A case in point is the argument about the brain drain from developing countries to the developed world, as a result of the disparity of resources ever so important for scientific research. For decades, the imperatives for the development of science could in fact be considered a form of neo-colonization.
However, as the science behind communications has evolved, and the commercialization of technology has made it accessible to a wider playing field, the brain drain has slowed, if not yet ceased. The pursuit of science, especially in the educational context, is expanding more rapidly in the East, in Asia in particular, and to a great degree throughout the developing world. In the United States, for example, there is a disproportionate number of students from Asia and the developing world studying science. While market forces have continued to allow developed Western societies to depend on a global scientific education base rather than solely on their own, more and more often, we are witnessing the emergence of centers of scientific educational excellence in Asia and elsewhere, with all of the political, economic, and social results that come with them.
The impact of scientific advancement on the nature and tools of international relations and governance should not be underestimated particularly with respect to the communications industry. With easier access to information and the ability to communicate it more rapidly, the media and the NGO communities have become players and stakeholders in the public affairs arena. They often compete with diplomats and politicians in influencing international norms and changing how diplomacy is pursued. Global governance concepts such as the ‘responsibility to protect’ emerged as a reaction to the public outcry over the international community’s failure to prevent the Rwanda massacre. Actions by NATO and a United Nations Security Council resolution for a ‘Coalition of the Willing’ against Iraq were influenced by the public’s exposure to the atrocities of Slobodan Miloševi´c and Saddam Hussein. And needless to say, the Arab awakening we are witnessing in Tunisia, Egypt, Libya, Yemen, and Syria has been fundamentally driven by the scientific advancement of communications—the snowball effect of the call for freedoms, or the communication effect of satellite television and social networks.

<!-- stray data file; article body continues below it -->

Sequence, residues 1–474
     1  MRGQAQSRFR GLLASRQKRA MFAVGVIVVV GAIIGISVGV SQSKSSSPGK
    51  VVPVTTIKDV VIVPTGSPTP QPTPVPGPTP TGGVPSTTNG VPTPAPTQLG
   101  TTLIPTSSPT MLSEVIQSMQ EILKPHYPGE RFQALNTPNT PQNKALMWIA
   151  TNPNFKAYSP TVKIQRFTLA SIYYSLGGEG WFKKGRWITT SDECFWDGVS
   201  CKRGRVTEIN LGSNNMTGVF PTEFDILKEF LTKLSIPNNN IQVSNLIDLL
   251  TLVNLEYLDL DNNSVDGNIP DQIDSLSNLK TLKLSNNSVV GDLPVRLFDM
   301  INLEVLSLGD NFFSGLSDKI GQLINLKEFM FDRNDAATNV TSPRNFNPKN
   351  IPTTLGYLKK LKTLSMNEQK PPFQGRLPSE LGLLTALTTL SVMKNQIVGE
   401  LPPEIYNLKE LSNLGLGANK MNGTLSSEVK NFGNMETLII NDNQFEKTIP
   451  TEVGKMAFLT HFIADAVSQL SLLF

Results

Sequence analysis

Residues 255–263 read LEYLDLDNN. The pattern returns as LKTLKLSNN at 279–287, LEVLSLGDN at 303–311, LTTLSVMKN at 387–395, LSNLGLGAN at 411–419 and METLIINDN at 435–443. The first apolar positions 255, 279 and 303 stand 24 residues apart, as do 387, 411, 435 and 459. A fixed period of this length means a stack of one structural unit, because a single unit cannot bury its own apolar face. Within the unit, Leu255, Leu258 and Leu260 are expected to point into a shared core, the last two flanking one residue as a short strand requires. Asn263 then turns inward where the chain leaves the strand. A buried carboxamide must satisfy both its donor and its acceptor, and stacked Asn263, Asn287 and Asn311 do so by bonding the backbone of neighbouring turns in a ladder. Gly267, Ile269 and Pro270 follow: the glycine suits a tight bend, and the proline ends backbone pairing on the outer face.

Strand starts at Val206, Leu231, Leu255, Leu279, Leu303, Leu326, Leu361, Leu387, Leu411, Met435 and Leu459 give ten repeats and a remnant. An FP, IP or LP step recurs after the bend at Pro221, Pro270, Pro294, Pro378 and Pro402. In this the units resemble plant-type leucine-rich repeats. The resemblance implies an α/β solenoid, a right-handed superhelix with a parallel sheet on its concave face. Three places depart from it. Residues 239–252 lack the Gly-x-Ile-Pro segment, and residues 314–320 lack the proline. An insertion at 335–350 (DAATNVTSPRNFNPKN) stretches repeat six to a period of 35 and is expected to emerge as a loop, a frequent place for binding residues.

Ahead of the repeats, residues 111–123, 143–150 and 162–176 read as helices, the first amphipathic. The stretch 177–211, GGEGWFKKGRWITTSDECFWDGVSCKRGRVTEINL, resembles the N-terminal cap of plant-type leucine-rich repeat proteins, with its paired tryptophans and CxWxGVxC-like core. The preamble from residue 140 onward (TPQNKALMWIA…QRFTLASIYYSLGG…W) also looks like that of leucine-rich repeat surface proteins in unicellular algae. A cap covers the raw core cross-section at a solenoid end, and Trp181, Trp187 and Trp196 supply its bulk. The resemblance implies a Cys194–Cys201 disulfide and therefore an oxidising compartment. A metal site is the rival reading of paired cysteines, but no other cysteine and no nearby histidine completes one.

The free, rapid, and accessible flow of information to the media, citizens, and private foundations has often made them diplomats without borders. The resulting enhanced level of transparency has had a positive effect on diplomacy by making it more publicly accountable. It is noteworthy that, as another result, traditional diplomacy may also have become more complicated and less effective by in essence curtailing the percolating period that is often required for diplomatic efforts to achieve results.
In fact, while scientific advancement has enhanced the instruments of power by expanding both their reach and their destructive capacity, it has also limited their maneuverability by increasing the number of stakeholders in the decision-making process. This heightened accountability also carries with it formidable challenges. For example, science has been used to develop weapons systems that allow politicians to wage war with ever greater power from increasingly remote distances—a dynamic that may even encourage the use of force at the expense of diplomacy.
The balance sheet of scientific achievement is overwhelmingly positive. But as the pursuit of science creates more opportunities for human progress, it requires a solemn responsibility towards the greater good—the collective interest of mankind.
Nabil Fahmy is the dean of the School of Global Affairs and Public Policy at the American University in Cairo
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